Re: Condorcet Voting and Supermajorities (Re: [CONSTITUTIONAL AMENDMENT] Disambiguation of 4.1.5)
- To: Raul Miller <email@example.com>
- Cc: firstname.lastname@example.org
- Subject: Re: Condorcet Voting and Supermajorities (Re: [CONSTITUTIONAL AMENDMENT] Disambiguation of 4.1.5)
- From: Buddha Buck <email@example.com>
- Date: Fri, 01 Dec 2000 08:38:13 -0500
- Message-id: <20001201133814.090301570B@zaphod>
- In-reply-to: Message from Raul Miller <firstname.lastname@example.org> of "Fri, 01 Dec 2000 06:08:50 EST." <email@example.com>
- References: <20001129192601.B23100@azure.humbug.org.au> <20001129090509.B11145@usatoday.com> <20001130023458.A26801@azure.humbug.org.au> <firstname.lastname@example.org> <20001130111614.B6656@azure.humbug.org.au> <email@example.com> <20001130140057.B8740@azure.humbug.org.au> <firstname.lastname@example.org> <email@example.com> <20001201133200.E27397@azure.humbug.org.au> <firstname.lastname@example.org>
I'm about to leave town for the weekend, so I don't have time to answer
too many of these in detail. For now, I'll respond to one comment by
> I'm uncomfortable saying if I've agreed to this. The Smith/Condorcet
> criteria that Buddha posted is not something I've agreed to. So,
> discussion could happen here, to make sure we were using the same
Yes, let's be clear on terminology. The Smith/Condorcet METHOD I
posted is not a criterion, but a method of choosing a victor (in
non-supermajority situations). It happens to be a method that meets
both the Condorcet Criterion and the Smith Criterion:
Condorcet Criterion: If there is an undefeated option (in pairwise
contests), that option should be the winner.
Smith Criterion: The winner should come from the Smith set. The Smith
Criterion implies the Condorcet Criterion, because if there is an
undefeated option, the Smith set consists solely of that option.
Do you have a problem with these criteria in NON-Supermajority
The Smith/Condorcet method (as well as Sequential Dropping, Schwartz
Sequential Dropping, Tideman) all meet both of the above criteria.
Plurality and IRV limited to the Smith set also meet both criteria.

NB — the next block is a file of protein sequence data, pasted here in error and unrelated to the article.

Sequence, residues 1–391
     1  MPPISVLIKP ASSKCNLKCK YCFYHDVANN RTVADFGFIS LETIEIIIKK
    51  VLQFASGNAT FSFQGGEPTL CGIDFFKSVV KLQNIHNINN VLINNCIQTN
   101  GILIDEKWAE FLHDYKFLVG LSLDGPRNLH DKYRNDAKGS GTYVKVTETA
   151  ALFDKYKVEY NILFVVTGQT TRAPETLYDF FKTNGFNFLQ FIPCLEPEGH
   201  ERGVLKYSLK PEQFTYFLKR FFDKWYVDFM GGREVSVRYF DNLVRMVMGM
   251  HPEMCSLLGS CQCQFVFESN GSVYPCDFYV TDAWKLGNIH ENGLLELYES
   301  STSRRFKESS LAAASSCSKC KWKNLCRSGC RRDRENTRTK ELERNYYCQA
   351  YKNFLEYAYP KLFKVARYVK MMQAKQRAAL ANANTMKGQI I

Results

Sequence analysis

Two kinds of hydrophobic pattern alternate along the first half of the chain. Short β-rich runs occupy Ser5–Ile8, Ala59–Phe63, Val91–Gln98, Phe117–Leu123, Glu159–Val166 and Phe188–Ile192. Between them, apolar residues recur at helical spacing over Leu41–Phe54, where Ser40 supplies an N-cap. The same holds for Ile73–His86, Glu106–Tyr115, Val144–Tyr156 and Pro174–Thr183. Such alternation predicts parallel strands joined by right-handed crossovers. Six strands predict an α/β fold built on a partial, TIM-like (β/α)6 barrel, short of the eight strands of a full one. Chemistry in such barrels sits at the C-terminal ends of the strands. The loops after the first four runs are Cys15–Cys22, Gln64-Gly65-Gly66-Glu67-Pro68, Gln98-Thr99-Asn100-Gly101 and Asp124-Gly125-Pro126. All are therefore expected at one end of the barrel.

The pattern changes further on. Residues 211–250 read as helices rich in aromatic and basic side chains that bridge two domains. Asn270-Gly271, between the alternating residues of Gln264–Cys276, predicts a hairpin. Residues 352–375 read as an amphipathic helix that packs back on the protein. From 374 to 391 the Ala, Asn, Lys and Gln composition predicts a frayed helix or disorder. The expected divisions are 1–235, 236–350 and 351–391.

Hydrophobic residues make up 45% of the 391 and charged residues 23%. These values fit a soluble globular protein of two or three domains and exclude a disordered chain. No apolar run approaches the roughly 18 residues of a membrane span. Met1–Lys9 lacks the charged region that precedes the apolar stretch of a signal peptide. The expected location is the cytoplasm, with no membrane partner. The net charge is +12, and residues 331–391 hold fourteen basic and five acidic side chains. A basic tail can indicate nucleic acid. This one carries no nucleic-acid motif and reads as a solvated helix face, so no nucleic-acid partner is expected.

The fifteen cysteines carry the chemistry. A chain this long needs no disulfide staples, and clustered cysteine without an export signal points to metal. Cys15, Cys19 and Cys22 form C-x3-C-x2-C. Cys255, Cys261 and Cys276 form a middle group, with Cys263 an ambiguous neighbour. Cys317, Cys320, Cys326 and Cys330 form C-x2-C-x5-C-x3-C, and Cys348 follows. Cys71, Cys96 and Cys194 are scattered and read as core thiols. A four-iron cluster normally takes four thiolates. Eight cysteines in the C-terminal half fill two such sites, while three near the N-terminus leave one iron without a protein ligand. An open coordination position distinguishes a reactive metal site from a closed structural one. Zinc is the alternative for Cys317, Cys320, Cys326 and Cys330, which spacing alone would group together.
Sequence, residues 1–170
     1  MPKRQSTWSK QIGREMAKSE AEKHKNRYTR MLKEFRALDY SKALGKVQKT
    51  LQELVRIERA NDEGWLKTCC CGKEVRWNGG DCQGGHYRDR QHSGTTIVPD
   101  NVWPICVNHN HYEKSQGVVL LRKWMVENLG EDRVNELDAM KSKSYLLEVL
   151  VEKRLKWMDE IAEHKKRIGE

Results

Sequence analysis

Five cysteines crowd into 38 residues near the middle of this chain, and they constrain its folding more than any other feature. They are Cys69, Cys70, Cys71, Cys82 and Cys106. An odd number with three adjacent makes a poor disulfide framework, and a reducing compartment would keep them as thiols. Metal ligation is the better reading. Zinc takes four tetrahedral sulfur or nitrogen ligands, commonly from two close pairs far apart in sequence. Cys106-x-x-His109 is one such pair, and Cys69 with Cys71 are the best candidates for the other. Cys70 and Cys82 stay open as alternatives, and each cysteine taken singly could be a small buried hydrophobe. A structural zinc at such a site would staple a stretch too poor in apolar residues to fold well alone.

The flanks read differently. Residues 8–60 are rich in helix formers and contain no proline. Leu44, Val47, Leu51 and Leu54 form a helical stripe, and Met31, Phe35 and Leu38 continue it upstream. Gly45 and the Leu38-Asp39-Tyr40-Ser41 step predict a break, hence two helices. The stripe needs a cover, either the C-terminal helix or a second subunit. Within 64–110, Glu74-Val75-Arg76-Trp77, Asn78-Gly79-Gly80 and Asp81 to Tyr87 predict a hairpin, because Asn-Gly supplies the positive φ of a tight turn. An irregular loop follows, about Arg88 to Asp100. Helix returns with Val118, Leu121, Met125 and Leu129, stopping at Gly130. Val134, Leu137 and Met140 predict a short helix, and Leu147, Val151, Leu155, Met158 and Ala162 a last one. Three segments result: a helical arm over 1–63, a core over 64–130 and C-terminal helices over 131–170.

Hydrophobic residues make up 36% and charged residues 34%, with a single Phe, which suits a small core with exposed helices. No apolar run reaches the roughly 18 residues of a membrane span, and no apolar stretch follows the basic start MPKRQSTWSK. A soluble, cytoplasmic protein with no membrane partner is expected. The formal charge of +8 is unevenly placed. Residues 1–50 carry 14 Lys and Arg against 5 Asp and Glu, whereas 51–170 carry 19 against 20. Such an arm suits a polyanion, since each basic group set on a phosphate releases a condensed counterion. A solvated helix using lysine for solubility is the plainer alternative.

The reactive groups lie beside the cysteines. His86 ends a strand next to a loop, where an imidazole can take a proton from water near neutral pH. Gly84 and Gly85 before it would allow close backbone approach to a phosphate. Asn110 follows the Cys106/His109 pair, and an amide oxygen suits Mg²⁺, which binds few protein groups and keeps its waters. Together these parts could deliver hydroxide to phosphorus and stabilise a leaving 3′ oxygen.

In a Supermajority situation, the big question becomes: What does a
"supermajority" mean in a multi-option election? In a single-option
election, it's easy: More "yeas" than "nays" by a supermajority. I can even see that
extended to an Approval voting system: an option -can- win by a N:M
supermajority if the ratio of "Approved" votes to "Not approved" votes
is at least N:M. This leads to another possible criterion:
Supermajority Criterion: If any option requires a N:M supermajority,
then if more than M/N of the ballots disapprove of the option, then it
should not win.
Does that sound reasonable? Please keep in mind that I haven't defined
what "approved" and "disapproved" means on a preferential ballot.
One suggestion I've heard recently says that to vote "sincerely" in an
Approval election one should vote "approved" on any option one prefers
to the incumbent (which would be the status quo) and "not approved" on
any option one prefers the incumbent to. This is obviously debatable,
and I don't know if I accept it myself. It can, however, be turned on its
head and used to get an Approval election out of a preferential
election. It is unclear of the "status quo" option should be "No" or
"Further Discussion". This is also debatable.
How about this Supermajority Election proceedure:
1) Find a winner using some method that meets both the Smith and
Condorcet Criteria (exact method still under debate).
2) If the winner has a supermajority requirement, compare the winner
with the "status quo" option. If it defeats the status quo by the
supermajority requirement, then it wins, otherwise "default" wins.
Now I really must be going...
Buddha Buck email@example.com
"Just as the strength of the Internet is chaos, so the strength of our
liberty depends upon the chaos and cacophony of the unfettered speech
the First Amendment protects." -- A.L.A. v. U.S. Dept. of Justice